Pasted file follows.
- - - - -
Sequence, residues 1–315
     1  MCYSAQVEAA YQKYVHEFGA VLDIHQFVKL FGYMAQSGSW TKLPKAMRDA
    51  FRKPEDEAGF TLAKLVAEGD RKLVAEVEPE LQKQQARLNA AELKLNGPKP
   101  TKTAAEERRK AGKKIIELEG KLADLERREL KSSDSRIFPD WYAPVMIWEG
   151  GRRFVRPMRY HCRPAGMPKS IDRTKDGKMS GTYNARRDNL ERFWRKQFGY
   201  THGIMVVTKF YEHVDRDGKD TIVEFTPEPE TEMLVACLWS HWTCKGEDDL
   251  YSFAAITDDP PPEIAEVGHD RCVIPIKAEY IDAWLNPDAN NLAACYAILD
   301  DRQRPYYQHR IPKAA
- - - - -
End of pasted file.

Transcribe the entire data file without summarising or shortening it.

Sequence, residues 1–315
     1  MCYSAQVEAA YQKYVHEFGA VLDIHQFVKL FGYMAQSGSW TKLPKAMRDA
    51  FRKPEDEAGF TLAKLVAEGD RKLVAEVEPE LQKQQARLNA AELKLNGPKP
   101  TKTAAEERRK AGKKIIELEG KLADLERREL KSSDSRIFPD WYAPVMIWEG
   151  GRRFVRPMRY HCRPAGMPKS IDRTKDGKMS GTYNARRDNL ERFWRKQFGY
   201  THGIMVVTKF YEHVDRDGKD TIVEFTPEPE TEMLVACLWS HWTCKGEDDL
   251  YSFAAITDDP PPEIAEVGHD RCVIPIKAEY IDAWLNPDAN NLAACYAILD
   301  DRQRPYYQHR IPKAA